Banner photograph of St. Thomas Episcopal Church Cemetery, Bath, North Carolina - Taken by Judith Richards Shubert October 2008

There is a land of the living and a land of the dead and the bridge is love, the only survival, the only meaning.
- Thornton Wilder

Wednesday, December 31, 2008

Ghosts in School Hill Cemetery?

I love ghost stories!

I spent one afternoon before Christmas in the North Richland Hills Library looking for books on Texas Cemeteries, burial customs and traditions. During my search through the digital repository I noticed a title that intrigued me, “Ghosts in the Graveyard, Texas Cemetery Tales.” I decided to check it out with my other selections of cemetery research guides and books on Texas graveyards.

Olyve Hallmark Abbott has written a delightful book filled with ghosts from at least twenty graveyards in North Texas and many more from other sections of our state.

You may have read some of my accounts of my childhood memories in and around the community of Lingleville in Erath County and the cemeteries there. I was so excited to find listed in Ms. Abbott’s section on North Texas graveyards one that is only ten miles northwest of my home in Lingleville.

Her story, “Skip-a-Rope” is an account of apparitions and laughter – the sound of children that are said to have been students in the old school that once stood there. The story is told that the graveyard overlapped the old foundation of the school. Some of the Lingleville residents who went to school there were also buried in this small graveyard called School Hill Cemetery or Upper School Hill Cemetery.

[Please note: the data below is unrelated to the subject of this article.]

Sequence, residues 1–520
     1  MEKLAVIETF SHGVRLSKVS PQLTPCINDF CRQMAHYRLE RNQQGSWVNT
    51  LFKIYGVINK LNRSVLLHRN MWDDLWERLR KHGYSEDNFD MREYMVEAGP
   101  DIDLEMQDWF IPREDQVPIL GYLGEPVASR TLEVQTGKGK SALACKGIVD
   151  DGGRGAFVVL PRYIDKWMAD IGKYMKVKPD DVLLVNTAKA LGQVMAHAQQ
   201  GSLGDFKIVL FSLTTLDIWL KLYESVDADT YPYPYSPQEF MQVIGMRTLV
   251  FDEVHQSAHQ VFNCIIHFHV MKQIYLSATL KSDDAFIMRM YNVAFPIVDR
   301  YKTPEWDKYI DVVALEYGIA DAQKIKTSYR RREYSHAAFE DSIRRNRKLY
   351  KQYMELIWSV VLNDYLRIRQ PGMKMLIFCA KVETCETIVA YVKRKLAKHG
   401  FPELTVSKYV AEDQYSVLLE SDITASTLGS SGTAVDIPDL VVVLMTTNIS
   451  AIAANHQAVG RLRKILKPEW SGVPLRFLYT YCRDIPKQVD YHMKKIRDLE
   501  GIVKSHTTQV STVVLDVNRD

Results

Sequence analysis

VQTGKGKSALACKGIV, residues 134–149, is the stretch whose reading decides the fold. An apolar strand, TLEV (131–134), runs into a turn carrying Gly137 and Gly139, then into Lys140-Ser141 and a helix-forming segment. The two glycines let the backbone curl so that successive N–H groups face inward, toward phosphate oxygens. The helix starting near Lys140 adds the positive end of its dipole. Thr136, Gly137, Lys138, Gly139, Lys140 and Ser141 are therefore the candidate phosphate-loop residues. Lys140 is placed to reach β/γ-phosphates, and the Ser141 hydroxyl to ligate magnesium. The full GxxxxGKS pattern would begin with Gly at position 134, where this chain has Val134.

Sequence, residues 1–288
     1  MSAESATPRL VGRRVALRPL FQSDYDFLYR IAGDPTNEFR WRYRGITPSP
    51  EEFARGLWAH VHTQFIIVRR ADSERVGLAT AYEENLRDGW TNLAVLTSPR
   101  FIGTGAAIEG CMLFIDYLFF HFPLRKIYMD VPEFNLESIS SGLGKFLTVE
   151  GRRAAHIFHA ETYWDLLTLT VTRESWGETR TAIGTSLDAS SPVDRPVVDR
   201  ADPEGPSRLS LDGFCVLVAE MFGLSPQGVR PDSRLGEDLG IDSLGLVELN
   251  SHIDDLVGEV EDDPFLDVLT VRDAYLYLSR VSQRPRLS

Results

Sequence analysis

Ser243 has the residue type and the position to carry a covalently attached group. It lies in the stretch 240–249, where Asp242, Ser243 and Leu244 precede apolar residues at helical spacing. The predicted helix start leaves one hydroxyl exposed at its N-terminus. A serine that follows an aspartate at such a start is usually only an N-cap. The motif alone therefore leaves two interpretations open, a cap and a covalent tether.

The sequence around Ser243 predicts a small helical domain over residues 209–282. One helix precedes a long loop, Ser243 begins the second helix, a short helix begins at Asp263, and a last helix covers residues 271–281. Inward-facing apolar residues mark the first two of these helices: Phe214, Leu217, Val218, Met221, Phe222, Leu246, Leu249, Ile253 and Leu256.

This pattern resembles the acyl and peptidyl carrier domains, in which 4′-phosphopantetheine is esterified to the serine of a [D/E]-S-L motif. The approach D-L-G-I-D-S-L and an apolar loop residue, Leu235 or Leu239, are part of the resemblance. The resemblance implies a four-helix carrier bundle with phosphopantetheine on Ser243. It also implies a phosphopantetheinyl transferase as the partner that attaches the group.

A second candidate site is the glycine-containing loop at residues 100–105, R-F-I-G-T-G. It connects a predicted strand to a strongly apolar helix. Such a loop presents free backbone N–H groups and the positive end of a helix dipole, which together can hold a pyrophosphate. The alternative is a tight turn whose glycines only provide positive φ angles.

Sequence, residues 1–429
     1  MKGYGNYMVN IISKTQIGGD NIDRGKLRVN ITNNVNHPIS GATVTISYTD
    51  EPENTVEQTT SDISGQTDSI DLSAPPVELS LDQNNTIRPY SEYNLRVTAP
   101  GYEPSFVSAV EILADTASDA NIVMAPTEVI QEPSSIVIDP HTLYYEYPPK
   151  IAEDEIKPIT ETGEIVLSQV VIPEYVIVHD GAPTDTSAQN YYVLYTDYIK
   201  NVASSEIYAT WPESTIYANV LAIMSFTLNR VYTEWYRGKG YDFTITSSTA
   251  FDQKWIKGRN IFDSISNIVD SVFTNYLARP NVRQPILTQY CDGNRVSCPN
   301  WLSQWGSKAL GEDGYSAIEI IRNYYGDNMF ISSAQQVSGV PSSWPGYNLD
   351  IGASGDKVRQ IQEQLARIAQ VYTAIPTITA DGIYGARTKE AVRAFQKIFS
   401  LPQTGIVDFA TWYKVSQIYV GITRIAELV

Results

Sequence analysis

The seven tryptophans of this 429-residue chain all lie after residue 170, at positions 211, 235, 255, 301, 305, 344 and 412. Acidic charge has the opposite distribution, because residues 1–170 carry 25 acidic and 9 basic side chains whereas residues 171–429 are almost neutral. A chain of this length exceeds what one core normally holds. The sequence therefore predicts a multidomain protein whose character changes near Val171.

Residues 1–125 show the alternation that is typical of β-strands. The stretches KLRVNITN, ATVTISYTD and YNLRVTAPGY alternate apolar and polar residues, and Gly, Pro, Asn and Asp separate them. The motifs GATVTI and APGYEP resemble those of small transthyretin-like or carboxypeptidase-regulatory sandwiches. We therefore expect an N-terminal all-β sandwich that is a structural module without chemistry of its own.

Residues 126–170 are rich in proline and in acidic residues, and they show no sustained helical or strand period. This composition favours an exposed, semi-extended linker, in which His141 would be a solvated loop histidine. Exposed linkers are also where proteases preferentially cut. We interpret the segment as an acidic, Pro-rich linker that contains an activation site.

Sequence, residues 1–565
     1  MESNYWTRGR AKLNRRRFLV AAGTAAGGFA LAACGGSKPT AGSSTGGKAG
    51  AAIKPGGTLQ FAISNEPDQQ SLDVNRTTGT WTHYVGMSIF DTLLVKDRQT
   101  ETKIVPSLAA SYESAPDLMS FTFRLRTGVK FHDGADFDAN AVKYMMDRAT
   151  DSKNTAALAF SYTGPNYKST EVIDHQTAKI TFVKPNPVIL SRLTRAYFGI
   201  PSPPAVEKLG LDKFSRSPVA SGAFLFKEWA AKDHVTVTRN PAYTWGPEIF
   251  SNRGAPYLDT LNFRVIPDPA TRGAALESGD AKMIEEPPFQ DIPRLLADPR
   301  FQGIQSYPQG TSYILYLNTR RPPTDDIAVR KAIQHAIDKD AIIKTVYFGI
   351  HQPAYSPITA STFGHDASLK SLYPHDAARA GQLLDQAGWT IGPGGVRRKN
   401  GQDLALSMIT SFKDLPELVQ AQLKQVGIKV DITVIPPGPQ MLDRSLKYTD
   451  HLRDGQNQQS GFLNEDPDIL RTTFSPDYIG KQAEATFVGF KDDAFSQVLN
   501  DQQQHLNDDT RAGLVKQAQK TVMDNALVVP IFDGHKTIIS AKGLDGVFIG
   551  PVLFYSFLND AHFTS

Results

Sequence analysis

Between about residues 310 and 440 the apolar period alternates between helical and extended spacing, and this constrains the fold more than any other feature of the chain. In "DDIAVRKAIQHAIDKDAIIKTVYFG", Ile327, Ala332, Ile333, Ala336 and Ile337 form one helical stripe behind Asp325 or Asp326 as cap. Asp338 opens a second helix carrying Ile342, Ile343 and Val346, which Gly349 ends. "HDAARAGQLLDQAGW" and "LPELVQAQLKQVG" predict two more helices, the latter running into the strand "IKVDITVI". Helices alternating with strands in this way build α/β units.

“According to Dave Julian of ‘The Shadowlands’, the theory is that former school sites may have a buildup of psychic energies of emotional events having previously transpired there. This is an open invitation to spirits.”

I decided to go with my sister and sister-in-law to find this little graveyard and take pictures and record any information on tombstones found there. Being stubborn females, we refused to allow my brother to call his friend, Mike, for directions. So we bundled up since it was a bitterly cold day and drove to the area where we remembered School Hill to be located.

There are two School Hill Cemeteries – the Upper School Hill Cemetery and the Lower School Hill Cemetery. The ghosts that Ms. Abbott writes about are found in Upper School Hill. It is a small, unfenced cemetery and has twenty-three marked graves. In “Cemetery Inscriptions, Erath County,” Weldon Hudson in 1970 indexed seventeen marked graves and six graves marked with fieldstones without names or dates. “The earliest tombstone is dated 1884 and it appears the cemetery has not had any burials since approximately 1918.”

Since we refused to ask for directions to the Upper School Hill Cemetery, we only got pictures of the better known (to us, at least) Lower School Hill Church and Cemetery. Newspaper reports from the area records Lower School Hill Church was organized in 1929 and closed its door in the late 1950s.